When giving birth for the first time, some women make a conscious choice to have a c-section while the vast majority of women don’t. They end up wheeled into the operating theatre for an emergency c-section, with a battery of questions running through their minds. Long after the successful completion of the operation, mums continue to wonder what is normal for a c-section scar.
Size and location
How big is considered average or normal for a c-section scar? In most cases, you can expect the scar to be anywhere between 4 to 6 inches long. The incision is made close to your bikini line, horizontally, and don’t worry, it will never show if you decide to wear a cropped top.
In fact, the c-section incision is usually so low that you are likely to be able to rock your bikini without fretting over the scar showing!
It is not normal for a c-section scar to be done vertically, from the belly button down to the pubic bone. This used to be fairly common in the past, but in current times, developed countries never do a c-section vertically unless it involves an emergency or complication. It is extremely rare; so don’t worry too much about it.
Appearance and texture
In the months following your operation, it is normal for a c-section scar to appear red or pink. Don’t worry, that is absolutely not a red flag for inflammation or the like. It is part of the healing process and over time, the colour turns extremely pale. What you will have is a line that is so flat and thin that it’s barely visible.
Unless otherwise someone takes a close look, they are unlikely to notice the scar. The medical world has progressed significantly and compared to say, your mother’s time, the scar is much less of a cosmetic problem now.
However, some women have a tendency to develop keloids, and this may cause the scar to be thicker, or appear bumpy, or slightly raised. Doctors these days prescribe things like collagen creams to reduce the likeliness of this occurring. However, if you are genetically predisposed to forming keloids, then there’s not much you can do to prevent it from occurring.
What happens when it stretches?
This is a question that many mums have long after their c-section. They plan to have more children and then fear what is normal for a c-section scar during a pregnancy, when it stretches.
A c-section scar generally doesn’t itch, burn or hurt once it has recovered. However, be prepared for it to itch when you are pregnant. In fact, many women have complained of a burning or itching sensation around their c-section scar as early as 6 weeks into the pregnancy.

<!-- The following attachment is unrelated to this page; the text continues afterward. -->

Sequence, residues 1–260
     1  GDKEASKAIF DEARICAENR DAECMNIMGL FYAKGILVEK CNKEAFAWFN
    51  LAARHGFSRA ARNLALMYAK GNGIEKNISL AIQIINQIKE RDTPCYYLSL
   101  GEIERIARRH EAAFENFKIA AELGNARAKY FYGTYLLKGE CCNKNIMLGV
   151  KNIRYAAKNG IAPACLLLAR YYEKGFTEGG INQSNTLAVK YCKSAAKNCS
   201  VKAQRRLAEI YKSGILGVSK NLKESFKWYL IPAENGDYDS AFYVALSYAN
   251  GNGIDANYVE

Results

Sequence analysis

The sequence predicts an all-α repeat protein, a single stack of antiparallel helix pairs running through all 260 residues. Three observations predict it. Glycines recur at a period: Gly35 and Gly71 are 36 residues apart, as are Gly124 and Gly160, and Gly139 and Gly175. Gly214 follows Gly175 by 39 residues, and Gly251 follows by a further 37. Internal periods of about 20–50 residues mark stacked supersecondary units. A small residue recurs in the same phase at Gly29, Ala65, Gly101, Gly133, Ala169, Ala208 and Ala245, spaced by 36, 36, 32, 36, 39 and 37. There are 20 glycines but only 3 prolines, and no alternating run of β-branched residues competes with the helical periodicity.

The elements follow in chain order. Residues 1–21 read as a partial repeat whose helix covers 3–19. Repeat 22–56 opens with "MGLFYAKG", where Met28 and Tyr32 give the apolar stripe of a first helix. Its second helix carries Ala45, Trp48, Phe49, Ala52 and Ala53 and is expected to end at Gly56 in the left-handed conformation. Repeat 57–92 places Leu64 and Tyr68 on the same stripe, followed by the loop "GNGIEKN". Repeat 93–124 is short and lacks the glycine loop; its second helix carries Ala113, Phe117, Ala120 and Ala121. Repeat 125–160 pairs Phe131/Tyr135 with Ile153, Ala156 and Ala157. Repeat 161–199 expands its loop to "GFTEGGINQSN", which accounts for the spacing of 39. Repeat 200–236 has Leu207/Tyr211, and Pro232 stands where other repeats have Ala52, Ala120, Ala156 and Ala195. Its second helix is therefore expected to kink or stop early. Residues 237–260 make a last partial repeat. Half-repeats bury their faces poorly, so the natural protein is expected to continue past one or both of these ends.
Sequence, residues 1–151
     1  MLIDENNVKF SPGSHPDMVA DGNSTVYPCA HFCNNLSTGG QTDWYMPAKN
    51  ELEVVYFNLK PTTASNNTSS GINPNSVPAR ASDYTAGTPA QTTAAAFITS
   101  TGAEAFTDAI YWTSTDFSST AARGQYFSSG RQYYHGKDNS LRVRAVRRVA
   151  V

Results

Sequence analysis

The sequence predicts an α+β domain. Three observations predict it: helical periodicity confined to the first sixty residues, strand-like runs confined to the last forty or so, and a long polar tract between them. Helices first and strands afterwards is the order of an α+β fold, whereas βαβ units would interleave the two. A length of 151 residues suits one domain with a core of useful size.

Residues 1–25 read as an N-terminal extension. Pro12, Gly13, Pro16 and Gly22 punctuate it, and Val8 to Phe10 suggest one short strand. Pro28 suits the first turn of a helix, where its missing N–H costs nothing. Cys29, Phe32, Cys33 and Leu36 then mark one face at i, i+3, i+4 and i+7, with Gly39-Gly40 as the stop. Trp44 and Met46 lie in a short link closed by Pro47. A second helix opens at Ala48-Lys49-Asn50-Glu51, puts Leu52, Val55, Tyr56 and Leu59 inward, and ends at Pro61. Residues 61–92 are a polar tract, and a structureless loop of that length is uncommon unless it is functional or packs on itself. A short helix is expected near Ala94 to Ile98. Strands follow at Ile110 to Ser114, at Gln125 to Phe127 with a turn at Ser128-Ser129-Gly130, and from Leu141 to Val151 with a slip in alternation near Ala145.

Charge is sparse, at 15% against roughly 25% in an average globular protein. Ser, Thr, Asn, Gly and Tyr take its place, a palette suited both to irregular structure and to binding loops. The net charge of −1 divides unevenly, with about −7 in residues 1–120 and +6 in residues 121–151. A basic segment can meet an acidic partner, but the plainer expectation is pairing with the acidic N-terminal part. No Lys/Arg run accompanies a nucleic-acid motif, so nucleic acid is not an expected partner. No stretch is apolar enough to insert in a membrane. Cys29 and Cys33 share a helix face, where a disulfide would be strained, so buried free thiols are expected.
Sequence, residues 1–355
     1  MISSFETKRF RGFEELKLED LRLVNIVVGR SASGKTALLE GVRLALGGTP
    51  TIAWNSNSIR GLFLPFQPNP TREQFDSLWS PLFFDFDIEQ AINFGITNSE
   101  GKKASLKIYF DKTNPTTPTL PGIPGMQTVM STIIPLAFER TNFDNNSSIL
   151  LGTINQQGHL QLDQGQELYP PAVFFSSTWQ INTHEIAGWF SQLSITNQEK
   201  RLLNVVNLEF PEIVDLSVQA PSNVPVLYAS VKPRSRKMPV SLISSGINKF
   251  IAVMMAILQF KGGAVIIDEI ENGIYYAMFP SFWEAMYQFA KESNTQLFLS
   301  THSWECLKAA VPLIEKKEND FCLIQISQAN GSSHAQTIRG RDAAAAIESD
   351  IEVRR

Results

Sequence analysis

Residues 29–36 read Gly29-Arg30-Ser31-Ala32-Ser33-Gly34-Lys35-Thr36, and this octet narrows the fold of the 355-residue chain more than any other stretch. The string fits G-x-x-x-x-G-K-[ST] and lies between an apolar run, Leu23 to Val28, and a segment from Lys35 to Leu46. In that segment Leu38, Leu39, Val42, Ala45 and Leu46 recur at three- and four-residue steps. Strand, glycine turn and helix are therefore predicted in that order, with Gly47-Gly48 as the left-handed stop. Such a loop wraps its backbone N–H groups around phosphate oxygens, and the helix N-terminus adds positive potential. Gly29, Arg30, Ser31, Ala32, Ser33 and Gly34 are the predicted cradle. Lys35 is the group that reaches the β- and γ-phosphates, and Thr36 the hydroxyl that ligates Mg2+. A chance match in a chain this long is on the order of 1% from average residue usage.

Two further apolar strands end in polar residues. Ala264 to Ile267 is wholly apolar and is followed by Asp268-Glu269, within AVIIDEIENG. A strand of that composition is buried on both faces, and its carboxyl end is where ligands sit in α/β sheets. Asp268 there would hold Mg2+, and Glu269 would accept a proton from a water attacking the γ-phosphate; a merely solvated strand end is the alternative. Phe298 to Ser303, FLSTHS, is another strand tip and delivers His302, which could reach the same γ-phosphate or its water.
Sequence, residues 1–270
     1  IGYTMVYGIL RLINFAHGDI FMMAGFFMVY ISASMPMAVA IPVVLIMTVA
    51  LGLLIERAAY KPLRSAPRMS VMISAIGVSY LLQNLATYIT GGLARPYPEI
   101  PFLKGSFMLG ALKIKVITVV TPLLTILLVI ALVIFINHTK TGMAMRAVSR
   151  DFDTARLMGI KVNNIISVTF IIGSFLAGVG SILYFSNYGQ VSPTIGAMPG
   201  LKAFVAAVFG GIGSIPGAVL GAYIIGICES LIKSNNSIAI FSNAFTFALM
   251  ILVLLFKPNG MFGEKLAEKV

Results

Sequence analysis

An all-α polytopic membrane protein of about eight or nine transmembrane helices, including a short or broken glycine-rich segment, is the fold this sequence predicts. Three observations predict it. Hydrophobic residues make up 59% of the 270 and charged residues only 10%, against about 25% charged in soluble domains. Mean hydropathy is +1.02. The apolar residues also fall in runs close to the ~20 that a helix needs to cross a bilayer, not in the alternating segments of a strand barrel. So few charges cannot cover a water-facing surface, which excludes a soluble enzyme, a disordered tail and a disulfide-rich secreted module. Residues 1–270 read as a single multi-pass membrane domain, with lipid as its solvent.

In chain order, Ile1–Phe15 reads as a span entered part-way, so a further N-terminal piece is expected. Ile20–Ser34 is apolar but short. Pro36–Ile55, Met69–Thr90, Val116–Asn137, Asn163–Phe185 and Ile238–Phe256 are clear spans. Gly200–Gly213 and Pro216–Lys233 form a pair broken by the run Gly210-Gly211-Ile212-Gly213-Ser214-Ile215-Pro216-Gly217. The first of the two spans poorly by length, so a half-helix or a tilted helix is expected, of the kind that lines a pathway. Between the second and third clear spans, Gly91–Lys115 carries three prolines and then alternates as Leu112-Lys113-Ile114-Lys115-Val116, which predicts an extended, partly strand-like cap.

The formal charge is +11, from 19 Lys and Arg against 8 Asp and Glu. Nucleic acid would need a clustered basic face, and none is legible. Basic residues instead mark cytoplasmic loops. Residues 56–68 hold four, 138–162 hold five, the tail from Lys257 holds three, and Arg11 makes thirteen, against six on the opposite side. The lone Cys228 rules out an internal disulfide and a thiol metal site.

Let me reassure you that it is normal for a c-section scar to itch during pregnancy. It is understandable that you might feel alarmed and imagine that your stitches will rupture and you continue to imagine the worst.
The real danger with c-sections and subsequent pregnancies is the internal healing. Especially if you have not given your body sufficient time to heal, the concern is that your uterine ruptures when you get contractions. To prevent this from happening, when there is a need, gynaecologists will perform an elective c-section before you reach full term.
Will I get a new scar with each pregnancy?
No, in most cases you do not end up with a new scar for each c-section. Some mums like to call it the ‘zipper’. So each time you have a baby, the zip is re-opened, then concealed in the same place. No one can tell how many times that zip was opened. It is normal for a c-section scar to undergo several rounds of ‘reopening’.
Sensation around the scar?
Don’t be alarmed. It is normal for a c-section scar and the muscles around it to be numb. For some mums, the sensations return after a few months and for some, the numbness becomes permanent. It’s just one of those things that happen, so just take it as it comes.
We asked a number of mums what their recovery was like, and most of them commented that after the initial healing process, they didn’t even remember the existence of the scar until the next pregnancy.
Some complain of occasional itching or irritation, but only mildly. Others mentioned that even after a few months, at times, they feel a little bit of pain when doing strenuous exercise, lifting heavy objects or ascending stairs.
In some rare cases, the pain lasts for years. I have a friend whose mum still feels itching, (and it’s more than mild) 32 years after her last c-sect. But do bear in mind that things were different in the past.
On a concluding note, let me reassure you that c-sects are extremely common. Approximately 3 out of 10 pregnancies in Singapore end up in c-sects and c-sects are considered the most common surgery in the United States. Most of the time, the healing and recovery turn out fine.
Take it from me as well. Having gone through 4 c-sections in the past 5 years, I’m up on my feet and I feel perfectly fine. No scar is getting in the way of me living my life to the fullest so don’t you worry your pretty little head over what’s normal for a c-section scar, mama!